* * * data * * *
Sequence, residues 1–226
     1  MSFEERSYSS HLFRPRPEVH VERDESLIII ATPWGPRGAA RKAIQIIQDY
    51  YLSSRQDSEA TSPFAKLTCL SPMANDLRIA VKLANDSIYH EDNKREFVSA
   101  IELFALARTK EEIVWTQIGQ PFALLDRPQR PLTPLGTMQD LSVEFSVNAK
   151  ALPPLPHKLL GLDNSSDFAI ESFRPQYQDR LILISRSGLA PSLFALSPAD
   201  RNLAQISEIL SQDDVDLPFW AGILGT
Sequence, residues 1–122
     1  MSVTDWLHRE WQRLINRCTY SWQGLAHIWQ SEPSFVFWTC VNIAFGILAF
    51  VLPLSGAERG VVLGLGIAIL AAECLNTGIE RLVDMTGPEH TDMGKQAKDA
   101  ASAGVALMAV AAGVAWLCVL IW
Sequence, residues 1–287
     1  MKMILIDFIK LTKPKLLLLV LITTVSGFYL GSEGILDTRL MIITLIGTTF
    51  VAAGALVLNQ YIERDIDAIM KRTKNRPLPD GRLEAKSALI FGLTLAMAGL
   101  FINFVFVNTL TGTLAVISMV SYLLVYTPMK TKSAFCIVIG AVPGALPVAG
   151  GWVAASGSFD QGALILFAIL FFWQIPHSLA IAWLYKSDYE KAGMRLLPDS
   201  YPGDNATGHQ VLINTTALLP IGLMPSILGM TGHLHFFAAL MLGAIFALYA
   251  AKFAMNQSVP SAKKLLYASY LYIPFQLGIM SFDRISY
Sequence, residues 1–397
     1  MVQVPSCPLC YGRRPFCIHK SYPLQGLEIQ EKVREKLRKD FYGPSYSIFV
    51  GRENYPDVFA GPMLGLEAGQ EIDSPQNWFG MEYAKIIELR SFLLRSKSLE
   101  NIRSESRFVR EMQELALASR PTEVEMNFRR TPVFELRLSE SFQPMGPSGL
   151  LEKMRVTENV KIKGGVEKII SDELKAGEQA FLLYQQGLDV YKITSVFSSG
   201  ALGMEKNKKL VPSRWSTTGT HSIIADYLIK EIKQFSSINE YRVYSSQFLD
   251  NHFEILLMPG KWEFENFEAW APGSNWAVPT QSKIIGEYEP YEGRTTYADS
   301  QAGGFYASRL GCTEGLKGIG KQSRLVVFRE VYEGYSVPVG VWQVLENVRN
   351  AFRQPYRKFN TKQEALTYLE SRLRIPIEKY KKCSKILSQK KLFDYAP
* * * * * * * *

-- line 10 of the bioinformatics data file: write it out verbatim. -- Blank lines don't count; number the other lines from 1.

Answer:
   101  ASAGVALMAV AAGVAWLCVL IW